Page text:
Is Your Event Prepared for Bad Weather?

Last Updated on October 7, 2021

When planning an event, you never want to think about the things that could go wrong. However, if you neglect to do so and disaster strikes, you will find yourself in a difficult position.

Do you have a plan in place for bad weather? During the summer months, this could mean a severe thunderstorm. During the winter months, an ice and/or snowstorm could hit.

Here are several questions you can answer now to ensure that you are prepared for the worst:

1. Can you reschedule the event if necessary? Often with larger events the answer to this question is no, however, it is something you should at least consider. A new date is a last resort, but you need to answer if it’s even possible early in the planning process. If you’re contingency plan includes a back-up date, it needs to be in all your service contracts, or line up additional service providers, speakers, etc.

2. What happens if the power goes out? Without electricity it is safe to assume that your event will come to a standstill. This is not a question you can answer on your own. Instead, you need to discuss plans with the venue. Certainly large venues have encountered weather related issues, and likely a power outage. You need to know they have a generator that can handle this type of problem.

Discuss disaster plans extensively with the venue staff together with your own staff. You want everyone to understand what their’ role is in the event that the power goes out. If you’re lucky, it’s only for a few minutes.

3. How are you going to keep the venue safe, both inside and out? Consider if a snowstorm hits the area on the morning of your event. As a result, there will be snow and ice piled up along the entrances and exits to the venue.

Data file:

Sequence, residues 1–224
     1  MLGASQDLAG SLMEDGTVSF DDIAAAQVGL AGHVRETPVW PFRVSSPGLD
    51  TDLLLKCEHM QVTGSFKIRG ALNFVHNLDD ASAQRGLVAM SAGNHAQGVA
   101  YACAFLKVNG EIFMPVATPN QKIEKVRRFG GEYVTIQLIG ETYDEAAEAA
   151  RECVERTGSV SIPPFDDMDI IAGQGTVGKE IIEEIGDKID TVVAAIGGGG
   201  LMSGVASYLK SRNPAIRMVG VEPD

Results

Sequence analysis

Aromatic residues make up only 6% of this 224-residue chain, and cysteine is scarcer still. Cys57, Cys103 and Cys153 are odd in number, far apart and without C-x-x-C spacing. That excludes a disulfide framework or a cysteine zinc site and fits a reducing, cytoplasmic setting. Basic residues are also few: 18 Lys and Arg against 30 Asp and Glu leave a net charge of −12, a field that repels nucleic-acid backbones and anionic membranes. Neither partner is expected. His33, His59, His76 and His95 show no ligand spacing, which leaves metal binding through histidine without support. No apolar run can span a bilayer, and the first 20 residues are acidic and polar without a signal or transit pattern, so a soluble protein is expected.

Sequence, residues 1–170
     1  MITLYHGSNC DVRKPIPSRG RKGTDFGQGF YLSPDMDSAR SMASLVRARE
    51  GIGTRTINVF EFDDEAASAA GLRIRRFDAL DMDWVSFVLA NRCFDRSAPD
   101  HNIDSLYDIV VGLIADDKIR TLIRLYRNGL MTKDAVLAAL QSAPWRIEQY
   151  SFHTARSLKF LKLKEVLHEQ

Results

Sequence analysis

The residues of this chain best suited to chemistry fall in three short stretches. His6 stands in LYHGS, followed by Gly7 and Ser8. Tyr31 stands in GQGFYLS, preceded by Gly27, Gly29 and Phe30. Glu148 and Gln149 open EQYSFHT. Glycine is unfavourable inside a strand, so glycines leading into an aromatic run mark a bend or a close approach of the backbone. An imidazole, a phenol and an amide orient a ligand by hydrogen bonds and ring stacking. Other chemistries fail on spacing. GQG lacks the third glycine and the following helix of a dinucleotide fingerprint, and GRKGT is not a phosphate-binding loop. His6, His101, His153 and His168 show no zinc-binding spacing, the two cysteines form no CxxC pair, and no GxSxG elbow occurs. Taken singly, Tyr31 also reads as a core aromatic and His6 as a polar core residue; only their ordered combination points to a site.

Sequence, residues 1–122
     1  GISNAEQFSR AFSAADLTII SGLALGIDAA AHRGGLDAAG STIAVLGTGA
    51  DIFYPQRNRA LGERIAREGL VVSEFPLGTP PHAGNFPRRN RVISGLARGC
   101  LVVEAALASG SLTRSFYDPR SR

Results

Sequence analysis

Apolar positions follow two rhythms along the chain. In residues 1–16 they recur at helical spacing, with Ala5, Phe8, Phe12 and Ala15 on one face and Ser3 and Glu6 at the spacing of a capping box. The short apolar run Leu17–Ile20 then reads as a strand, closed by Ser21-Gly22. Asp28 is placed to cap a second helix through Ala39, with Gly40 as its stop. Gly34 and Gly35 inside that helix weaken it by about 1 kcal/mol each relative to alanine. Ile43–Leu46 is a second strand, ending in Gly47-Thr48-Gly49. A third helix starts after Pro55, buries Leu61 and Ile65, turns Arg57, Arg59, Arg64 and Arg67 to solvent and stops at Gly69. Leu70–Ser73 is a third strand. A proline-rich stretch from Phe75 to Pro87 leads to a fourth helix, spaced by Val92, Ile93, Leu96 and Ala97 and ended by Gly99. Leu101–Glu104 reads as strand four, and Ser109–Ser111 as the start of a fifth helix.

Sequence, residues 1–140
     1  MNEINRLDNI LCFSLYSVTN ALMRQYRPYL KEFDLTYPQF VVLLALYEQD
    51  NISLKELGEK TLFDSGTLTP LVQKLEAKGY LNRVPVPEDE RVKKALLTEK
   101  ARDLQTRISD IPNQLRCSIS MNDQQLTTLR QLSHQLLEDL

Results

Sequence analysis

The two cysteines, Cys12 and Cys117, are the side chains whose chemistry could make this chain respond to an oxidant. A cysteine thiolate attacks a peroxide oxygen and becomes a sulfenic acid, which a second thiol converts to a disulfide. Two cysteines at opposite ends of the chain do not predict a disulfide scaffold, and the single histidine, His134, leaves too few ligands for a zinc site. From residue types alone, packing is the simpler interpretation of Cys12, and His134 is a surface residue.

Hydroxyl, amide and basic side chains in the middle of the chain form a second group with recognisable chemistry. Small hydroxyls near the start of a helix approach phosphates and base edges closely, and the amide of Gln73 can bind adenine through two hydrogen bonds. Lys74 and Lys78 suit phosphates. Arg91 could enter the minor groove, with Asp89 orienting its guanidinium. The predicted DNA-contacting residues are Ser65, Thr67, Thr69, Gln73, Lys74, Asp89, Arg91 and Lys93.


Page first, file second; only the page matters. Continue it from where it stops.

First things first, snow and ice removal should be part of your contract with your chosen venue. Ask how they prepare a space in the case of poor weather. Just removing snow is not always enough. Laying salt on a regular basis may be essential for keeping people safe as they walk into and out of the building.

Furthermore, you must consider the inside of the venue. Wet shoes can lead to slick interior floors. Not only should you have large mats down inside the doorways, but assign someone the responsibility of keeping the floors as dry as possible.

4. What will you do in the event of an injury? Even with every safety precaution taken, accidents may happen. If bad weather comes for your event there is an increased likelihood somebody slips and falls on the snow outside or a slippery floor inside.

Again, large venues may have EMT on staff, but be sure to have contact information on hand for police, fire, and EMS. If an event-goer is injured, you need to know how to get the appropriate emergency crew to the scene as quickly as possible.

Prepare for the Worst, Hope for the Best

Just because you are prepared for the worst doesn’t mean it is going to happen. In fact, the events discussed above are quite rare. As long as you are prepared for bad weather and what it could bring to your event, nothing should come your way that you can’t handle.